If you run again into conflicts, you can resolve them and run the commands again.
A git stash happens usually when you want to throw away changes permanently or temporary.
The latter, when you want to stash only temporary, can be used when you want to do something else in between. For instance, fixing a bug or creating a PR one someone's behalf.
The stash is a heap. You can pick up the latest stash to apply it again to your local repository.
git stash apply
If you don't want to "throw away" all changes by stashing, but only selected files, you can use the checkout command instead:
git checkout -- <path/to/file>
The file goes from unstaged to not changed at all. But remember, whereas stashing allows you to get the stash back from the heap, the checkout reverts all changes in the files. So you are not able to retrieve these changes.
Once you merged a Pull Request, you usually want to delete the remote and local branch.
git branch -d <branch>git push origin :<branch>
While the first command deletes the branch on your local machine, the second command deletes the remote branch on GitHub. It is always good to clean up after you, so you should make this a habit.
I must admit, it is not an essential command for Git, but I use it often to organize my commits on a branch. I like to have a tidy branch before I open it as a PR for others. Tidying a branch means to bring commits in an order that makes sense, rewriting commit messages or "squashing" commit. To squash commits means to merge multiple commits into one.
When using an interactive rebase, you can decide how many commits you want to interactively adjust.
git rebase -i HEAD˜<number>
Afterward, since you adjusted the Git history, you need to force push your changes. A force push will overwrite the Git commits in your remote repository.
git push -f origin master
In general, you should be careful with force pushes. A good rule of thumb is that you can do them on a branch, but never on the master branch. In larger projects a force push is often programmatically not allowed on the master branch.
When you collaborate with others or want to have tidy commit messages on your own, you can follow Git commit message conventions. There are a handful of conventions. I am used to follow these that were brought up in the Angular community:
- feat: A new feature
- fix: A bug fix
- docs: A documentation change
- style: A code style change, doesn't change implementation details
- refactor: A code change that neither fixes a bug or adds a feature
- perf: A code change that improves performance
- test: When testing your code
- chore: Changes to the build process or auxiliary tools and libraries
They follow this syntax:
An example taken from the command line could be:
git commit -m "feat(todo-list) add filter feature"
That's how you can keep a tidy commit history for yourself but also for your team.
Git aliases are used to make up own Git commands by using the built-in Git commands. Aliases allow you to make Git commands more concise or to group them. For instance, you can group two Git commands in order to execute them in one command. That would for example make sense if you wanted to delete a branch. The local and remote deletion would happen in one command. Something like this:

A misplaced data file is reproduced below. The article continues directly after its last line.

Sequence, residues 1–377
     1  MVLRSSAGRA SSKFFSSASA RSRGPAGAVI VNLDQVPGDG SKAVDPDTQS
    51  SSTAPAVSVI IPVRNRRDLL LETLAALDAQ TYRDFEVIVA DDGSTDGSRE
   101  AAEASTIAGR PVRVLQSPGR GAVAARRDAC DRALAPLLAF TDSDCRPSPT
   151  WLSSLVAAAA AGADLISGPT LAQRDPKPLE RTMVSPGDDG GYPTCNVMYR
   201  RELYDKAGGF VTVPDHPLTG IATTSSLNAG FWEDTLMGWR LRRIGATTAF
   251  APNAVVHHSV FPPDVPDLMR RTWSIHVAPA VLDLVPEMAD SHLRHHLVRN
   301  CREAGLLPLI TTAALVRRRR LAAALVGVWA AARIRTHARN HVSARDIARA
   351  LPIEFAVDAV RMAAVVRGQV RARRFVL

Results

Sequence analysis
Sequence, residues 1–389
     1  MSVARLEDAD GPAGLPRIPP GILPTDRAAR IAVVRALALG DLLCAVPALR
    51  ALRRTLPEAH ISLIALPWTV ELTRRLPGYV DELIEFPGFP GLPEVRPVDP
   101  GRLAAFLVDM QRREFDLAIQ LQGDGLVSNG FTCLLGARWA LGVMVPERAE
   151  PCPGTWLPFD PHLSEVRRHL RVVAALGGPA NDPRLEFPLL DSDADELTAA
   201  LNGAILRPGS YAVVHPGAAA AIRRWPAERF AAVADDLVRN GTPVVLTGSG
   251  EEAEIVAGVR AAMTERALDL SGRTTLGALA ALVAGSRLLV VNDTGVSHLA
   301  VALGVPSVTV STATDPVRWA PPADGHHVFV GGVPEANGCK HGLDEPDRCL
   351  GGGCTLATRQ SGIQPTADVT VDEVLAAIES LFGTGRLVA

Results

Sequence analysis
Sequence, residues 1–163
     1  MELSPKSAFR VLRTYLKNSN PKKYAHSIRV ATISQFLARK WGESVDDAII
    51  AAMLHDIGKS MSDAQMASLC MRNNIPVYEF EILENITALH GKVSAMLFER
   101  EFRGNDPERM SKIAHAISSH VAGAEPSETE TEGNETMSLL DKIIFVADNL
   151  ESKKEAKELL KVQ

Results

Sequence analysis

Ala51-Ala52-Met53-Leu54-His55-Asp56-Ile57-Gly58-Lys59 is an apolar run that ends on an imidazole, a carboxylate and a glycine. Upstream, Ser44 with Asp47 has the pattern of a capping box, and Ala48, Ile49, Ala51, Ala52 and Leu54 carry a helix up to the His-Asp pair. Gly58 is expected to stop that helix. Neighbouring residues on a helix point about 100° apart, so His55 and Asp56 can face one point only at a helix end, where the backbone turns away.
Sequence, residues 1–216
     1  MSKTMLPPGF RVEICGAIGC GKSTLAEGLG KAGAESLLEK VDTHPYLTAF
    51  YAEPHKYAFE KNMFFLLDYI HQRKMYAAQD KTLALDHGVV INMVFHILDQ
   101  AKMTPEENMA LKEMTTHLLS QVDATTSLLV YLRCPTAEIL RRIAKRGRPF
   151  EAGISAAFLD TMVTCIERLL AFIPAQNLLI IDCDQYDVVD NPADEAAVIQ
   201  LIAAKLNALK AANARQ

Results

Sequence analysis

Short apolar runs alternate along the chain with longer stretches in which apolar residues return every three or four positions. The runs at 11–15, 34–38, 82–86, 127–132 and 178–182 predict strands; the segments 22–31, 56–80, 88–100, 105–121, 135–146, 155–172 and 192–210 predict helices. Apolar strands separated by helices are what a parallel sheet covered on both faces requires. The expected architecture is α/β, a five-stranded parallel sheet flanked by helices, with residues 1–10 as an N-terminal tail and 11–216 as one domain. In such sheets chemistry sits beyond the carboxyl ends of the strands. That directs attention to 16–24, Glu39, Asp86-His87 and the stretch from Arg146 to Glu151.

git nuke. In another scenario you would abbreviate
git pull --rebase with
Pull Requests (PR) and Issues are used in collaboration with multiple people.
When someone in your team created a new branch to work independently on a feature, the branch will lead to a PR eventually. A PR can be reviewed by other collaborators on GitHub. You can have discussions, reviews and have the option to merge or close the PR.
An issue is mostly opened before a branch and PR is created. The issue states a problem in the project and stimulates a discussion. The conversation can lead to a specification that can be used as blueprint to implement a solution. Therefore, you would create a PR based on the Issue. Issues can be labeled to keep track of different categories of issues.
Finally, it is also possible to use PRs and Issues in a private, single person repository. Even when you work on your own, you can use these feature of GitHub to keep better track of problems and changes.
These GitHub and Git essentials should be everything you need to get started in this area. You shouldn't feel intimidated by the setup nor by the commands. After all, the commands break down to several atomic ones that can be used in only a few essential scenarios.
The essential Git commands break down to:
- git init
- git clone
- git add
- git commit
- git push
- git pull --rebase
- git fetch
- git status
- git log (git lg)
- git diff
Obviously, there are more Git commands (git bisect, git reflog, ...) that you could master. However, I don't find myself using them very often. You can look these up, once you need them, before you have to memorize them. After all, in most cases you will more likely lookup the issue you want to solve in Git rather than a specific command. Most of these issues in Git are well explained when you search for them.
This tutorial is part 1 of 2 in this series.